My friend went on to tell me the wonders of this probably fictitious person named Satoshi Nakamoto and how revolutionary cryptocurrency is that it’s saving lives in Venezuela. People can take their digital wallets anywhere around the world and exchange it for USD. I quickly pulled my phone out and showed him my Western Union app, Venmo and Cashapp. So that conversation ended abruptly.
He then gave me a knee-jerk talking point that “the underlying value created for crypto is the cost to mine it.” My response was if Bitcoin were an asset that we could strip if the crypto market were to tank, you would be able to salvage at least the value of the electricity and computing power; this cost would have some bearing on rock bottom price. Spoiler alert! We cannot recoup this electricity. It is simply money lost. So, it does not represent value that can be obtained by holders of bitcoin. Those are sunk costs. If the price of Bitcoin reaches zero, you can’t trade it in for electricity.
My friend wouldn’t let up at this point said, “Clearly, demand and supply also plays a part, but the cost of the product cannot fall below the price it took to make it.” This is wrong. The price of any crypto, or any asset, can certainly drop below the cost of production. The cost of making something is the cost, not the value. The value is the price that the asset fetches on the market.
Another argument against Bitcoin having intrinsic value is that when Bitcoin was trading above $4,758 (the average cost of mining in 2018), none of the pro-Bitcoin pumpers were calling the asset over-valued. The pro-bitcoin shills were not calling for a market correction; neither did they advise investors to wait till the price dropped before buying more. Instead, they predicted that the price would increase further and that investors should hurry up and buy now to not be left out on the massive appreciation.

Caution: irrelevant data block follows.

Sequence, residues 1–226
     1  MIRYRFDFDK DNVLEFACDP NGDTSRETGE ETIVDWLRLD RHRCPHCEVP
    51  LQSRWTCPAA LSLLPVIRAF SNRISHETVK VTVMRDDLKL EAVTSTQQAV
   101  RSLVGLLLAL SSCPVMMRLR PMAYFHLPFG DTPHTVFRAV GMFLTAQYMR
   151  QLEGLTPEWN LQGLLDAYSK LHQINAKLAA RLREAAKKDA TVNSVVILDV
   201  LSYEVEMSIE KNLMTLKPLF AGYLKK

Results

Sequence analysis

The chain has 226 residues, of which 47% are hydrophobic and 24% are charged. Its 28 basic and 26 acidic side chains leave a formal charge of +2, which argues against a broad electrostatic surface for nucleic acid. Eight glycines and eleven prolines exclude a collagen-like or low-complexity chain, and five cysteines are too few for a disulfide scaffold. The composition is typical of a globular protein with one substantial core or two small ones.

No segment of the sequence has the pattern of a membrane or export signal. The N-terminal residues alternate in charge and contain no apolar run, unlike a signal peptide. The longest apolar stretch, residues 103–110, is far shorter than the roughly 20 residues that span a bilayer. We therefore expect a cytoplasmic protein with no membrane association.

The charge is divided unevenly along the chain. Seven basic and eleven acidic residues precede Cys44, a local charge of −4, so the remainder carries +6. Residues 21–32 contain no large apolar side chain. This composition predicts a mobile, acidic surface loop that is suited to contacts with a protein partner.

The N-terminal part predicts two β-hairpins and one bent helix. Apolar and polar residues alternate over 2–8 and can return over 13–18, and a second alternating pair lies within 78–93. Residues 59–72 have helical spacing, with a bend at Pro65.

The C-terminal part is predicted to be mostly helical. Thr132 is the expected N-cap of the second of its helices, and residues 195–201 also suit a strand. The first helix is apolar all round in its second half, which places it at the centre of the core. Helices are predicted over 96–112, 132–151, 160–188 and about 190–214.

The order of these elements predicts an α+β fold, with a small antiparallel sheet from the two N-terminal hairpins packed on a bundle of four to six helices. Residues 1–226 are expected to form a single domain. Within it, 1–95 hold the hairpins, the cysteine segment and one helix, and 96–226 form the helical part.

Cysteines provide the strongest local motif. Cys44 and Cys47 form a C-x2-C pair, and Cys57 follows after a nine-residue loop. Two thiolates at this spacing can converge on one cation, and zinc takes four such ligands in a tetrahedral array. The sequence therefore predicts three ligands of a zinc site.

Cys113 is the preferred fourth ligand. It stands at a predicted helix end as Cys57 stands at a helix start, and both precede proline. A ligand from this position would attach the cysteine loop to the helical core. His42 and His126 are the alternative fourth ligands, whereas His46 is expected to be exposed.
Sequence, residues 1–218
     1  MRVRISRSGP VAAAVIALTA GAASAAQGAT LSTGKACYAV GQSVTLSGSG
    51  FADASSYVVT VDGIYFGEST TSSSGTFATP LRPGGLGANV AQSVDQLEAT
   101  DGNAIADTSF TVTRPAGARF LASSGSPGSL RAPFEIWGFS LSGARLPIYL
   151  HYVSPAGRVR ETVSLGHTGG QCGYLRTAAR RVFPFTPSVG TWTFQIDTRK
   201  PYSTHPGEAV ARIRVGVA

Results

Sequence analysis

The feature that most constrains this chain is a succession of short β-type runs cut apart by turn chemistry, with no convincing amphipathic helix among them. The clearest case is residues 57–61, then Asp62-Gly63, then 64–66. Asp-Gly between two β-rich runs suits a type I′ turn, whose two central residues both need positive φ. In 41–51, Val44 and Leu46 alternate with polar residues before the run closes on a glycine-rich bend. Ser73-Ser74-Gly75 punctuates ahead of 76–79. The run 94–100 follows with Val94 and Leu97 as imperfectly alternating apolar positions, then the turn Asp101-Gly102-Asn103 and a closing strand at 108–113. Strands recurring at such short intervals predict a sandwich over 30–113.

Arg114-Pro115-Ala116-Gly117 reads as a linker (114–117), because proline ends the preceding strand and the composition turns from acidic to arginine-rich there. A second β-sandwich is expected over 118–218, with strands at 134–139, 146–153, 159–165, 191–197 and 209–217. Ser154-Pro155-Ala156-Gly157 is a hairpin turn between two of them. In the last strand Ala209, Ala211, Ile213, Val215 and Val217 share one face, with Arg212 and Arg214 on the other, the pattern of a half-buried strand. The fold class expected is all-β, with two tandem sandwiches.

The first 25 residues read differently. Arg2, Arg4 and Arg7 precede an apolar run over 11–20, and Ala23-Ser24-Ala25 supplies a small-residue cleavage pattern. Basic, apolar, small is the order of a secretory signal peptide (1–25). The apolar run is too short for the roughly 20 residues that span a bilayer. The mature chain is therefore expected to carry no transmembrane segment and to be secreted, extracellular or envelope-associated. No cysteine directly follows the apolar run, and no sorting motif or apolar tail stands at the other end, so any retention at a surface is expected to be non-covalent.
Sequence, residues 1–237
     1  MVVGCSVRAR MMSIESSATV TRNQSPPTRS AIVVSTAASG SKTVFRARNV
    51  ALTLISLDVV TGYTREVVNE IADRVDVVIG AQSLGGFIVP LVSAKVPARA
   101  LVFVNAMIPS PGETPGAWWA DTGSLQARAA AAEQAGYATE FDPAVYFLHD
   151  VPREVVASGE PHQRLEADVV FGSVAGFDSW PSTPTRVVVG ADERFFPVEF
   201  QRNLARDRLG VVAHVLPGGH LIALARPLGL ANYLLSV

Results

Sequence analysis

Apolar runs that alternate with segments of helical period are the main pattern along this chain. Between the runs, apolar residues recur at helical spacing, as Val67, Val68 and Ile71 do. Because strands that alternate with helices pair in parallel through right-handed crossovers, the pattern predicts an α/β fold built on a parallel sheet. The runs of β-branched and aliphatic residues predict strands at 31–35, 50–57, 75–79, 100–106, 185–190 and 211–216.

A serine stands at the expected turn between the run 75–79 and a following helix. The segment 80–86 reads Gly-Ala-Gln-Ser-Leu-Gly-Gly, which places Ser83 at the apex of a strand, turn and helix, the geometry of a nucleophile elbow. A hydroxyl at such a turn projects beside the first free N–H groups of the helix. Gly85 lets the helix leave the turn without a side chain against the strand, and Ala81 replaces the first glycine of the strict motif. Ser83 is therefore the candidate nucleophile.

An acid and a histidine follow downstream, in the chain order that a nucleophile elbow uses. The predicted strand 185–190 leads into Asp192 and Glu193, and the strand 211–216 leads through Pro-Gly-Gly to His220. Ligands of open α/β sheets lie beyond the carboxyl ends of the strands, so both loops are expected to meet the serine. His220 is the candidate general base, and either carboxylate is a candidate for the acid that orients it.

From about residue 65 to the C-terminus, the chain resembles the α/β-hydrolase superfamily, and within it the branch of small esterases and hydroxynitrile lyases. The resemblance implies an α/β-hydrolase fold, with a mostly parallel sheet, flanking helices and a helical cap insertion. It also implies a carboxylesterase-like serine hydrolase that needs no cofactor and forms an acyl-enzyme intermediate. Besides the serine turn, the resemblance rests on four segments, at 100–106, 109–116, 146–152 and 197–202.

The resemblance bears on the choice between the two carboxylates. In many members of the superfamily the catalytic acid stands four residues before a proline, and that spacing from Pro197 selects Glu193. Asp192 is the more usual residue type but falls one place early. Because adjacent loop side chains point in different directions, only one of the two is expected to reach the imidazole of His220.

The supply of Bitcoin could be argued from two positions; one is that the supply of Bitcoin is fixed because there is a predetermined and finite number of coins which can be created, 21 million. If this is the case, then the supply of bitcoin cannot be responsible for the tremendous drops in price.
Another way to look at it is that the supply of Bitcoin can only increase because there are 2,279,862.5 coins yet to be mined (As of May 28th, 2021, 12:30 am EST). Therefore, an increase in supply would drive down the price.
What about cryptocurrency being a safe asset when the market crashes or during corrections? Go look at BTC stock chart when the scamdemic hit February and March of 2020. Did Bitcoin go to the moon? No, it crashed on its face from $10,375 to $4,000. It followed the overall market trend. At one point, I was using Bitcoin as a future market indicator for the DJI, S&P 500 and alt coins, but this is no longer the case. People pull cash out of all markets during a crisis; they do not put money into it. Gold and silver have never been traded during an economic collapse. Governments just issue new forms of tenure and if we were ever to go back to trading gold and silver, we would be dealing with much bigger problems that are unimaginable.
We can conclude that Bitcoin and altcoins have no underlying asset value and that the only value of them is the current market price.
We are faced with the paradox of cryptocurrencies; if it has no value, is not recognized as a legitimate form of currency, or isn’t a good way of exchange, then what exactly is the point of having it? That leaves us with the sad fact it’s nothing more than a stock that you have the ability convert to U.S Dollars. If it couldn’t be converted to USD, it would be worthless.
Cryptos will exist so long as the government issues money exists and is an unproductive “asset.” Bitcoin cannot be a rival to the system because Bitcoin is the system and those “whales” trading in and out of crypto is not retail geek day traders but the systems traders at their respective helms on Wall st. As I told my friend to put the argument to bed, “You aren’t breaking away from the system you are feeding it, so stop lying to yourself about cryptocurrency and admit you are just as greedy as those running the system.”